The Apple Push Notification service notifies you of what happens to your emails, notes, contacts and other cloud data on your iPhone. Fetch is another method of checking for new data when Push is disabled. Push generally consumes more energy than Fetch. So disable Push and set Fetch to fetch data less frequently or manually (ie on request). Go to Settings > Mail > Accounts > Fetch New Data. Tap Fetch New Data, then tap the Push button to turn it off. Please note: if you disable Push, you will not receive on-site notifications (i.e. as soon as you receive an email). If you set Fetch to fetch data manually, you will not receive notifications unless you manually open the respective application (i.e. you will only receive notifications about new email messages when you launch the Mail application).

Forced shutdown applications.

If you are not using some apps, be sure to close them as they can drain your battery life. To force quit an app on your iPhone, swipe up from the gesture bar and hold. In app switcher mode, find the app you want to quit and swipe up in him. If you are using an older model: double press the button Home button and slide up on the app card to close it.

Activate low power mode.

this is useful feature reduces screen brightness, disables background app refresh, automatic downloads, minimizes system animations, etc. Or you can enable it by going to Settings > Battery > Low Power Mode.

Turn off Bluetooth and Wi-Fi.

Unless you are using a Bluetooth accessory such as a handsfree or wireless speakers, you can safely turn Bluetooth off by going to Settings > Bluetooth > OFF. This will decrease battery consumption. Bluetooth and Wi-Fi use the same antenna and receiver. If you’re really low on battery and don’t plan on using the Internet, turn off Wi-Fi by navigating to Settings > WiFi > OFF.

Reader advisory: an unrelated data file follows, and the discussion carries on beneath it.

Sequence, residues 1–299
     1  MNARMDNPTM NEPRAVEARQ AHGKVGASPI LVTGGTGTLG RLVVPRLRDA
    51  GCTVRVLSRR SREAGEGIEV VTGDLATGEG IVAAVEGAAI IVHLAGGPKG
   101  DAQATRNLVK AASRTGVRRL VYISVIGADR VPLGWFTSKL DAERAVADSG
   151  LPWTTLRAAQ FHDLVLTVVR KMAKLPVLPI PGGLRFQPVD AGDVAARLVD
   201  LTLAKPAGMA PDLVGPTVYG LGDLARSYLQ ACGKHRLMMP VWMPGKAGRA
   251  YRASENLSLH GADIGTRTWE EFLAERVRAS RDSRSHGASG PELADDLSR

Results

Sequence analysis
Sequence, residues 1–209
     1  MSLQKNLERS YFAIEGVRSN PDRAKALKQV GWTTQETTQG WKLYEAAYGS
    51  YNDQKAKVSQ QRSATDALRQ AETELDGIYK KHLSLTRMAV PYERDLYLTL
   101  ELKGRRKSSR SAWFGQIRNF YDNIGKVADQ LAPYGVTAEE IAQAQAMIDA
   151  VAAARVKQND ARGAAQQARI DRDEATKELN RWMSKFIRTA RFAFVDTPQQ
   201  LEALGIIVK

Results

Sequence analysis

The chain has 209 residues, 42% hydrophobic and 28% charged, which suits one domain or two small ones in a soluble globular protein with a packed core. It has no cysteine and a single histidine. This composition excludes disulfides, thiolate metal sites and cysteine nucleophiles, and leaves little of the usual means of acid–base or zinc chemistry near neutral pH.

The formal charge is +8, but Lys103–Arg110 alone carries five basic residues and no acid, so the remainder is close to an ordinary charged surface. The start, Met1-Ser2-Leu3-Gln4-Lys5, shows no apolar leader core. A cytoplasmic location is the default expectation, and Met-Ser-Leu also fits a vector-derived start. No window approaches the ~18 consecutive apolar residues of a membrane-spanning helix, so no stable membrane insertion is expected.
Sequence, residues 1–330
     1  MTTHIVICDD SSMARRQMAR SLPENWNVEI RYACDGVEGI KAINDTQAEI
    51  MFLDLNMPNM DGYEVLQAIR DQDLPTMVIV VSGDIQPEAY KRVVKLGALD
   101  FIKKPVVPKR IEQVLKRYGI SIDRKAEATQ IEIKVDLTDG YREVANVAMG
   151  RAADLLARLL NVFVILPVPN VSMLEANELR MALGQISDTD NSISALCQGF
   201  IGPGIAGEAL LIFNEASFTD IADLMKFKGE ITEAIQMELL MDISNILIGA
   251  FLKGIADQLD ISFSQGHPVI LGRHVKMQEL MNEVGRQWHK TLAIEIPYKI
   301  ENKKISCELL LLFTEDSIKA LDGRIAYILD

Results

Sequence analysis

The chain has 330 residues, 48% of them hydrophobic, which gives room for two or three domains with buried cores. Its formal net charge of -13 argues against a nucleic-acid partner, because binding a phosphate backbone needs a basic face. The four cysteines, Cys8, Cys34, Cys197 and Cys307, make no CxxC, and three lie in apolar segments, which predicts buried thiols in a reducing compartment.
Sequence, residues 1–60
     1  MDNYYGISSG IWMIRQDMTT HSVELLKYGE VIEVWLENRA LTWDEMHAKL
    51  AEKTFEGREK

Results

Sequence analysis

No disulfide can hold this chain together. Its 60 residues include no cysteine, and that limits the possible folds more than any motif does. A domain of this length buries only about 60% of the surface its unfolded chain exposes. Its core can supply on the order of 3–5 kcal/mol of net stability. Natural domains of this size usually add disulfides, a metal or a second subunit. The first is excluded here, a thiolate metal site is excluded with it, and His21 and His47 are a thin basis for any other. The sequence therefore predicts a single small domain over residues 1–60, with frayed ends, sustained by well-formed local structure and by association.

Avoid areas of poor or no reception.

In low-coverage regions, the iPhone will use more power to maintain a working cellular connection. Pay attention to the signal strength indicated at the top of the iPhone screen. iPhone signal level affects battery consumption The fewer bars – the weaker the signal and the more battery power required for the iPhone to stay connected. If you don’t plan on using your iPhone for cellular calls when you’re in areas of low or no coverage, turn Airplane mode on by going to Settings > Airplane Mode > ON. Warning: This will prevent the iPhone from accessing the cellular network.

Disable app-specific notifications.

Most iOS apps have the ability to send notifications, speeding up up battery drain. Turn off notifications for all non-essential apps by navigating to Settings > Notifications. Then tap on an app from the list. Turn off the switch next to “Allow notifications”.

Set auto-lock to 30 seconds.

This way, your iPhone will automatically go into sleep mode when not in use, which is essential to save battery life. Navigate to Settings > Display & Brightness > Auto-Lock and set the time interval to the minimum available, which is 30 seconds.

Final note